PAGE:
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Bill to cut light-rail funding moves through House

by Maddy Hughes
A bill proposed by Rep. Mary Liz Holberg, R-Lakeville to cut funds for the rail project moved up in the Minnesota House Monday night.

The bill would cut $69 million from a transit fund to light rail, commuter rail, and bus rapid transit, and would instead use the money to make up for a potential $51 million cut in general transit funds.

The cut would lead to an increase in bus fare. On Monday it passed through the Transportation Policy and Finance Committee and still waits to pass the Ways and Means Committee.

Proponents of the bill were mostly GOP legislators, reflecting a history of division on the topic of transit funding between them and DFLers, who are known to generally support public transit.

The GOP argument for the bill says that it would amount to an overall increase in funding for transit operations, however the opponents say that their estimate of car sales tax revenue is too high.

The bill includes a plan to first pay off debt for projects like the Central Corridor light rail. To fill in the gap needed to pay for the light rail project, the Met would have to borrow money. The transferred money comes from a quarter-cent sales tax on five counties for rail and bus rapid transit.

Triangle Shirtwaist fire inspires Mn educational series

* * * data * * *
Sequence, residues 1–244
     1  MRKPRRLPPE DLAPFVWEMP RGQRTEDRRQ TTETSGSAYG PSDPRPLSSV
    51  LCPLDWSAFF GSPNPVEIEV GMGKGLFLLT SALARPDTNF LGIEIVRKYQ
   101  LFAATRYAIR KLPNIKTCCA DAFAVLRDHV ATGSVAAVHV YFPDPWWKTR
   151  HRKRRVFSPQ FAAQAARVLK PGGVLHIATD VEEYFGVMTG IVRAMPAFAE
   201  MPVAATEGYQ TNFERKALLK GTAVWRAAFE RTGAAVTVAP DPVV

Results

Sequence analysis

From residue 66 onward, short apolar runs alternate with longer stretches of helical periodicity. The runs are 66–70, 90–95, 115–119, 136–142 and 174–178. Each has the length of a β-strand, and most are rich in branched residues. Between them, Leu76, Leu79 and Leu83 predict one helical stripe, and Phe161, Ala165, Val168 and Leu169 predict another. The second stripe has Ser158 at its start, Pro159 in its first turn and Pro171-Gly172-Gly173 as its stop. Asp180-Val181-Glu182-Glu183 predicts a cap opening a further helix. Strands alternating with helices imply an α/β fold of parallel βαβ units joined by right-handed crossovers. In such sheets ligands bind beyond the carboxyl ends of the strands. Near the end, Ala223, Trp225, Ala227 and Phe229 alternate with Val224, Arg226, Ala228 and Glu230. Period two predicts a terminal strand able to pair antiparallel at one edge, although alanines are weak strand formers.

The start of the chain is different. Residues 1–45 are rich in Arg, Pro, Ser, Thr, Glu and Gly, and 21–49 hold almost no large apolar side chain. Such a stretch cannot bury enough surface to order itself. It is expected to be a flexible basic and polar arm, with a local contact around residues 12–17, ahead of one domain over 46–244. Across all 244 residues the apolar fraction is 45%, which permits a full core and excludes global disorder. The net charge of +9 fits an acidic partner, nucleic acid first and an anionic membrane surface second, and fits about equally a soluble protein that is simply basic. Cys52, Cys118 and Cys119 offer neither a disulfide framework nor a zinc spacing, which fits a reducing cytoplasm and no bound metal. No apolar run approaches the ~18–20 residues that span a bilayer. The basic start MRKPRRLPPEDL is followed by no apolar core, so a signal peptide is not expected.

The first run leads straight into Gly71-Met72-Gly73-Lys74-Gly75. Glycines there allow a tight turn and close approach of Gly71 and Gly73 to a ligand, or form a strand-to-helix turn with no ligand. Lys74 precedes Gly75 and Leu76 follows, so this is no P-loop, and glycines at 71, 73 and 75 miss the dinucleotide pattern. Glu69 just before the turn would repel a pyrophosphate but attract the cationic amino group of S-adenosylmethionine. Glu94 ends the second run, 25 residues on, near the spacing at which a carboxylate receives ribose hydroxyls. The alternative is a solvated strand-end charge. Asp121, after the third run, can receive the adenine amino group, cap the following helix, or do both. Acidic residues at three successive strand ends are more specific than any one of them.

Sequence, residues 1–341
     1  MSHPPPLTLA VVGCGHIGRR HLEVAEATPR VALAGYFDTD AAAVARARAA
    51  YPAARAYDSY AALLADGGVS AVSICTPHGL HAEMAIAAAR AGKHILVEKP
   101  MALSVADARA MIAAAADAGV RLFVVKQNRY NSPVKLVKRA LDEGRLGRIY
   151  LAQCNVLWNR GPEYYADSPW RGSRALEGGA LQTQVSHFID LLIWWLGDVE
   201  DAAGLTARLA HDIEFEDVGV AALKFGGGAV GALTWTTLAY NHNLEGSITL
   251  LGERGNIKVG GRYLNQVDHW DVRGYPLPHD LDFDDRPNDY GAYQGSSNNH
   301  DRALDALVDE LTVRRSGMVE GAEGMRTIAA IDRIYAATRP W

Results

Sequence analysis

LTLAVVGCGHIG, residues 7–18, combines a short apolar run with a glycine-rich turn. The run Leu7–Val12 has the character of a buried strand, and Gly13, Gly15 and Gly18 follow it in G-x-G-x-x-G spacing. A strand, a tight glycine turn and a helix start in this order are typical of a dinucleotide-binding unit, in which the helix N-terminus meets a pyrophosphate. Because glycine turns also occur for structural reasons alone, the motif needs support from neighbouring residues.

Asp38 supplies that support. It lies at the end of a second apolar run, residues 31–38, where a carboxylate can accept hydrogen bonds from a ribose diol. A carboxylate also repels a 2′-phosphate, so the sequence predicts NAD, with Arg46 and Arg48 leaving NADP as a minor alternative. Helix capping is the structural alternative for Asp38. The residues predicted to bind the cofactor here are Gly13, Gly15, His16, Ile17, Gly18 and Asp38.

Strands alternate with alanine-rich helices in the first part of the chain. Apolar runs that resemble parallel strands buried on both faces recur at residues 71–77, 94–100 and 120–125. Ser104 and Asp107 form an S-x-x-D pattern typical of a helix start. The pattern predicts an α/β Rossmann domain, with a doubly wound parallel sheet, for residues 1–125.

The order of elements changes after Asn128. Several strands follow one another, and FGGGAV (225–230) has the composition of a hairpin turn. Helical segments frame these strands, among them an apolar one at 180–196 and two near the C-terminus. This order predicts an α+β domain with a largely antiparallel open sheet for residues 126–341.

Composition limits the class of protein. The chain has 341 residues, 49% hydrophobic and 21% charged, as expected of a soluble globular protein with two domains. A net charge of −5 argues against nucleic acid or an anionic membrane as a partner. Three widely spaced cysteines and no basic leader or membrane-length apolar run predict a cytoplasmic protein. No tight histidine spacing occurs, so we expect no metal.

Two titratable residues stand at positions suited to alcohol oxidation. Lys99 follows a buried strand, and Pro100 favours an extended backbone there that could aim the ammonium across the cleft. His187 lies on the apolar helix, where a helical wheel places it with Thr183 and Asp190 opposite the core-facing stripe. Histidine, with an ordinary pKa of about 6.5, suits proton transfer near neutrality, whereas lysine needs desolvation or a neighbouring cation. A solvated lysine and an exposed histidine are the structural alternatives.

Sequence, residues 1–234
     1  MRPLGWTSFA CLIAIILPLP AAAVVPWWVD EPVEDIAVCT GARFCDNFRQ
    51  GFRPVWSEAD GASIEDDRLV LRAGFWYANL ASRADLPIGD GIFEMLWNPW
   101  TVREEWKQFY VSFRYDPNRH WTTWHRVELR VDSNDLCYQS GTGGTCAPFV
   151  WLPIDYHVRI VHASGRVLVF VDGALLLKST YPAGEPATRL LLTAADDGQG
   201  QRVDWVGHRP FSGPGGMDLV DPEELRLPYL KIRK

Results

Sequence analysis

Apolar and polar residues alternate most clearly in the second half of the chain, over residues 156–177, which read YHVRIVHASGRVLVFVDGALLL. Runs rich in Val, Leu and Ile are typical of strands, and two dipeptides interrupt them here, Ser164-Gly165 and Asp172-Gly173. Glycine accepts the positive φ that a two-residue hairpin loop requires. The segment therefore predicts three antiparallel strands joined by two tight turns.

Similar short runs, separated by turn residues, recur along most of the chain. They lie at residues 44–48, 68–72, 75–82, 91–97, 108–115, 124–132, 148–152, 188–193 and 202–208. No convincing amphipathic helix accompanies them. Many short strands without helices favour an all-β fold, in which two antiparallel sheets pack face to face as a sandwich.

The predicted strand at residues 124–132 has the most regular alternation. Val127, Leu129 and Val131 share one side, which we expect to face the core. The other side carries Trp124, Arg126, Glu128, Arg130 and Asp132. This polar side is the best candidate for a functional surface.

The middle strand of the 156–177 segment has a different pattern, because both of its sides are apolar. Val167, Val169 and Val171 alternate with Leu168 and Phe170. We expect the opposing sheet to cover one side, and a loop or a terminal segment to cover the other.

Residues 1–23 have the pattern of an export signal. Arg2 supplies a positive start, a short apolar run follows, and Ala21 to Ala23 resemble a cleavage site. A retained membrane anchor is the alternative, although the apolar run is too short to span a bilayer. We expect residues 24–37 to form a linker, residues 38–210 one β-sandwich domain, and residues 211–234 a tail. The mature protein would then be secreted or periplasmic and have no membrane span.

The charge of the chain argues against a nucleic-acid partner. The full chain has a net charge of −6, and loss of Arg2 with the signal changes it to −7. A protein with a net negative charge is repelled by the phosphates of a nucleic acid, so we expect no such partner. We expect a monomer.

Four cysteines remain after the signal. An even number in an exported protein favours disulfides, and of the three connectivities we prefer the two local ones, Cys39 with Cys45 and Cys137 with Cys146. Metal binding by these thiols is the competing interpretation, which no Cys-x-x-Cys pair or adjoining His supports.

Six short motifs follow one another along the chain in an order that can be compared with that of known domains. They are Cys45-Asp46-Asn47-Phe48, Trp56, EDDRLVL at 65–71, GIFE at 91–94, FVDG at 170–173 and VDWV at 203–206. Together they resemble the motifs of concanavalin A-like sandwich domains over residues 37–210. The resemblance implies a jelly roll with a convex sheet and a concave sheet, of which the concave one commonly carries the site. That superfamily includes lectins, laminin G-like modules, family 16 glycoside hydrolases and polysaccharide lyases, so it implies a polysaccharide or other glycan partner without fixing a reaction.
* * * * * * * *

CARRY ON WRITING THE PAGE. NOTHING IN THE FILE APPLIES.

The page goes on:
by Maddy Hughes
In light of the national focus on laborers' rights, a series of events called "Then and Now: Immigrants, Workers, and the Search for Justice" has been scheduled in St. Paul to educate and call attention to the history of workers' unions.

This year is the centennial anniversary of the Triangle Shirtwaist Factory fire in 1911, an event that represents the mistreatment of public workers. Twin Cities Daily Planet and MinnPost explain that the incident was unfair to workers because factory managers had locked the doors that workers tried to escape through.

The workers, most of which were Jewish and Italian immigrant women, had gathered two years before the fire in a strike to preserve union rights and lost, being forced to keep their jobs in the dangerous Triangle factory.

The first event of the series, which has brought together over 30 organizations to participate, was a film screening about the Triangle Shirtwaist fire at Macalester College on March 6, followed by a panel discussion.